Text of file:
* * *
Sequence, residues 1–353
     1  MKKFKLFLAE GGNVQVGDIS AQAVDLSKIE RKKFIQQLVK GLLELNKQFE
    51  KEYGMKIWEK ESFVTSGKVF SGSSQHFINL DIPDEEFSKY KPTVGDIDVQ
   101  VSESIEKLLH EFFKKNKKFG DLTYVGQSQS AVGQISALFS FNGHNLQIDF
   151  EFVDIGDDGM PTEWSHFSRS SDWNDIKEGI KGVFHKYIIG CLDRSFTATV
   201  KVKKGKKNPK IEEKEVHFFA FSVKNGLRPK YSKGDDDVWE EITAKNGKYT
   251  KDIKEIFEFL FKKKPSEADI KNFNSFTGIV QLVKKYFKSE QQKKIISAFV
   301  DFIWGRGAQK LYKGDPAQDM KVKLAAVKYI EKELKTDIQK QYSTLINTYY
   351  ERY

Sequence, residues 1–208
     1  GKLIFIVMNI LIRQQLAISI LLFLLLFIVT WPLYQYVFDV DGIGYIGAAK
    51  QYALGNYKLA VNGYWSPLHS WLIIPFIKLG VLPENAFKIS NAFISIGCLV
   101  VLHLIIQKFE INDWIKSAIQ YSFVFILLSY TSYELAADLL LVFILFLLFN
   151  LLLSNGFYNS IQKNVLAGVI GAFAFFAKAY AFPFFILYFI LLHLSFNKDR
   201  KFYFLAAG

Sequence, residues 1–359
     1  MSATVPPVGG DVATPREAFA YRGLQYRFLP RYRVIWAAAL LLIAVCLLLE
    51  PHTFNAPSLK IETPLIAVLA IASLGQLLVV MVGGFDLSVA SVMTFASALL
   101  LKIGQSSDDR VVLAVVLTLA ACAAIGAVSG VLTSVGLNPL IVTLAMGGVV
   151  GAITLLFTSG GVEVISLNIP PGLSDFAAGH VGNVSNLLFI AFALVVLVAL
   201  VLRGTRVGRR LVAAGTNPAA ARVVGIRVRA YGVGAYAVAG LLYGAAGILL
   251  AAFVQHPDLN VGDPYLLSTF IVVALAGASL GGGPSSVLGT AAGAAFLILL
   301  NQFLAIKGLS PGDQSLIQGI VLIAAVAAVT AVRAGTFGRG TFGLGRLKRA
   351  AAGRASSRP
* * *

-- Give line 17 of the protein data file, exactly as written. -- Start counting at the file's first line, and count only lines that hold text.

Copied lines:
     1  MSATVPPVGG DVATPREAFA YRGLQYRFLP RYRVIWAAAL LLIAVCLLLE